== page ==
Funded the Environmental Protection Fund at a historic $300 million.
Allocated an addition $500 million to upgrade wastewater and drinking water infrastructure.
Welcoming “Shelley the Turtle” to Sunken Meadow State Park
CCE and Atlantic Marine Conservation Society are working to keep plastic pollution out of Long Island Sound. In June, we held a beach cleanup at Sunken Meadow State Park. Following the clean up we unveiled Shelley the Sea Turtle, a 3D art instillation crafted from mesh metal and filled with the plastic pollution we collected. Shelley the Turtle will be a lasting reminder for the public to never leave garbage on the beach and to reduce their use of throw-a-way plastics.
Cleaning Up the Bethpage Plume
The NYS Dept. of Environmental Conservation proposed a comprehensive plan to clean up contamination at the US Navy/Grumman Plume in Bethpage, Long Island. The plume, which contains 24 contaminants including known and likely carcinogens, has impacted the drinking water and human health of residents in and around Bethpage for decades. CCE is supporting the state’s proposal but will be also be urging NY to include a plan for public involvement, soil remediation, an expedited clean up timeline, and treatment for contaminants like 1,4-dioxane and Radium in their final plan.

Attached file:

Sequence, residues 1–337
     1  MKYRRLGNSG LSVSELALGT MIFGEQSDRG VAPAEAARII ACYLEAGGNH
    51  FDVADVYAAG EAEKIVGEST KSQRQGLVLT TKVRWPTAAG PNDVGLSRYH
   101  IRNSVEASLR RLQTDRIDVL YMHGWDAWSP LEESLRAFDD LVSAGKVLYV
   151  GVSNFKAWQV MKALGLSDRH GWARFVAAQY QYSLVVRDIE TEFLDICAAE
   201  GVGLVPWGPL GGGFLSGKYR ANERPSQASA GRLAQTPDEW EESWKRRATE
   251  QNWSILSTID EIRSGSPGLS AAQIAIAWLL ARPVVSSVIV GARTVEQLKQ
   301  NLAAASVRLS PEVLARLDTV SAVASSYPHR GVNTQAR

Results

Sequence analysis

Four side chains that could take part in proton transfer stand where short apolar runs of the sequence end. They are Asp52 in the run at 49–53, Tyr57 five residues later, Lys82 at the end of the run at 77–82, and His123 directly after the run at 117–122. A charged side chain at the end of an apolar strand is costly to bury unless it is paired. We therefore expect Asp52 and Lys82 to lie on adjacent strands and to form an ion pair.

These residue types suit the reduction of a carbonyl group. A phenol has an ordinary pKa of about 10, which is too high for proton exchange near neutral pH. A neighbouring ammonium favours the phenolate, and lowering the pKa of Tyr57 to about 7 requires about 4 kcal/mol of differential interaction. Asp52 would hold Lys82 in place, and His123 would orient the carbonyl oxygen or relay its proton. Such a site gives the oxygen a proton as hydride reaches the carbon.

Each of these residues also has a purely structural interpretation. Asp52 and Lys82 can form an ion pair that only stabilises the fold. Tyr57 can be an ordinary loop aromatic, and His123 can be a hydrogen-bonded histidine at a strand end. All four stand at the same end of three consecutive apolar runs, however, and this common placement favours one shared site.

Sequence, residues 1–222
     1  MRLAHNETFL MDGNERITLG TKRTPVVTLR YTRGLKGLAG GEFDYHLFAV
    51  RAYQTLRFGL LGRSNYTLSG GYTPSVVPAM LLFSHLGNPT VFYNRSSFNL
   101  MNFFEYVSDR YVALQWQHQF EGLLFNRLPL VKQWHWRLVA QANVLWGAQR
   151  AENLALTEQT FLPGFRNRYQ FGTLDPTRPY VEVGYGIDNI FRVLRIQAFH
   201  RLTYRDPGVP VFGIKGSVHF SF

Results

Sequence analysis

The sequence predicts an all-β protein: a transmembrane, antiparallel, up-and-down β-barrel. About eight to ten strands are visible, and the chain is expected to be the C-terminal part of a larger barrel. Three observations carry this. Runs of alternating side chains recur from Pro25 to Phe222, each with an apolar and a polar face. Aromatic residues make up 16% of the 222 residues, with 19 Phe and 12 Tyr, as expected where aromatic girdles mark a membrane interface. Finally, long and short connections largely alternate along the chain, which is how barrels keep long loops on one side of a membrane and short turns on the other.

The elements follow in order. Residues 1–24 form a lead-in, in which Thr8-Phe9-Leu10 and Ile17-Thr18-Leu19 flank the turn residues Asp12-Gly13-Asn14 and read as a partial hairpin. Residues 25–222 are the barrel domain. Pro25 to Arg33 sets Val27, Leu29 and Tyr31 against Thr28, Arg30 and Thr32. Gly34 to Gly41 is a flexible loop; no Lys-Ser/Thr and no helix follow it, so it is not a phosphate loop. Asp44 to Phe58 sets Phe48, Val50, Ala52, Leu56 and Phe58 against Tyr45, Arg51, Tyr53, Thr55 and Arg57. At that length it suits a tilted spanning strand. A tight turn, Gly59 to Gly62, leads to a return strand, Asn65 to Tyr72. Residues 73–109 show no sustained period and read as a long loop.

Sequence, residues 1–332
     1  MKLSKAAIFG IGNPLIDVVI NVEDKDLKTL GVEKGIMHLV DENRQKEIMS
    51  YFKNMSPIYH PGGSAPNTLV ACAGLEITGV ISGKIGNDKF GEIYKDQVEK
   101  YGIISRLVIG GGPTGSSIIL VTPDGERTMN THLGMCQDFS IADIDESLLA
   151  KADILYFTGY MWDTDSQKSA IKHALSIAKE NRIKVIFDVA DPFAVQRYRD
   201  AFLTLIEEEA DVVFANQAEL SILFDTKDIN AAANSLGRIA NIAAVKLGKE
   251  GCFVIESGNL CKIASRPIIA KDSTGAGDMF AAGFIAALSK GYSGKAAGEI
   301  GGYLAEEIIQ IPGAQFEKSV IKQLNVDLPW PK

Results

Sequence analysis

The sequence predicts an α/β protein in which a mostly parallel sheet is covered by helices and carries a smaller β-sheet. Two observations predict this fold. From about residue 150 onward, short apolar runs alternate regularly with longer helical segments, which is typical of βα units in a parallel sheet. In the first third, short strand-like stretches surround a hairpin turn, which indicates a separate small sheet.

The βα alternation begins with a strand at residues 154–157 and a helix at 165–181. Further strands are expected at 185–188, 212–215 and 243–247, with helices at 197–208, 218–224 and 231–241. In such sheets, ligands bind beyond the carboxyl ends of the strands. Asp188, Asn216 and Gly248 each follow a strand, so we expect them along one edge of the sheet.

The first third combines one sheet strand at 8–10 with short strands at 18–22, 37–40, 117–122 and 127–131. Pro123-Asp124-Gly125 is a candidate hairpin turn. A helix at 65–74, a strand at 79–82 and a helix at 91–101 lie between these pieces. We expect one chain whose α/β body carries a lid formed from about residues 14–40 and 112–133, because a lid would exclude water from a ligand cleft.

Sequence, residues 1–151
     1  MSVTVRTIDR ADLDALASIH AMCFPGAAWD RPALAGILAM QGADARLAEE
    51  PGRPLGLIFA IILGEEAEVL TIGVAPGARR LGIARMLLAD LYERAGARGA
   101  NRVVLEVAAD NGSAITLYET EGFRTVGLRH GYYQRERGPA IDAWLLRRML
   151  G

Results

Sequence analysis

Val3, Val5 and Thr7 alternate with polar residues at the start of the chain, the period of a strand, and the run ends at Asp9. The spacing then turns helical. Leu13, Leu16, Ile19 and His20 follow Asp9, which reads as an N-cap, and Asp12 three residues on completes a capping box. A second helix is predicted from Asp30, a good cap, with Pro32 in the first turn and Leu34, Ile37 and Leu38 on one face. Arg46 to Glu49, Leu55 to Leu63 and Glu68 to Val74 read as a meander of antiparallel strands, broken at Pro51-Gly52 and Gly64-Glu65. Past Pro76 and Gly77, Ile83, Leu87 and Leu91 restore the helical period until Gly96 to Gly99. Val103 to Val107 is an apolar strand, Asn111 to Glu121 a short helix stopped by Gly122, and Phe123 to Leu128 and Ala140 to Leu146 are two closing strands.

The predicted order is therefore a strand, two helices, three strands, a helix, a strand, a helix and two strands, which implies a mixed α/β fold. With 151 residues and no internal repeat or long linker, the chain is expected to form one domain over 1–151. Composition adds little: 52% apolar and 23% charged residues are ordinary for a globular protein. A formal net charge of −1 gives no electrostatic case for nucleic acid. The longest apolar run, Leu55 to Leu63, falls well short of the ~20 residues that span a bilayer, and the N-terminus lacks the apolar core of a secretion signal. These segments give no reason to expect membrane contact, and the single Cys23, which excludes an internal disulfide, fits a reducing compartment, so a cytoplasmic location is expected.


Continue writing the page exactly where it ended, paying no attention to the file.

Fighting for a More Resilient Lake Ontario Coastline
As Lake Ontario homes and businesses continue to suffer from coastal flooding caused by record snowmelt and precipitation, we continue our efforts to build a coast that is more resilient to the impacts of extreme weather. We welcomed the news in June that the Governor committed $300 million for Lake Ontario resiliency, and CCE is working to ensure that nature-based solutions, like wetlands and green infrastructure, play a key role in those resiliency efforts.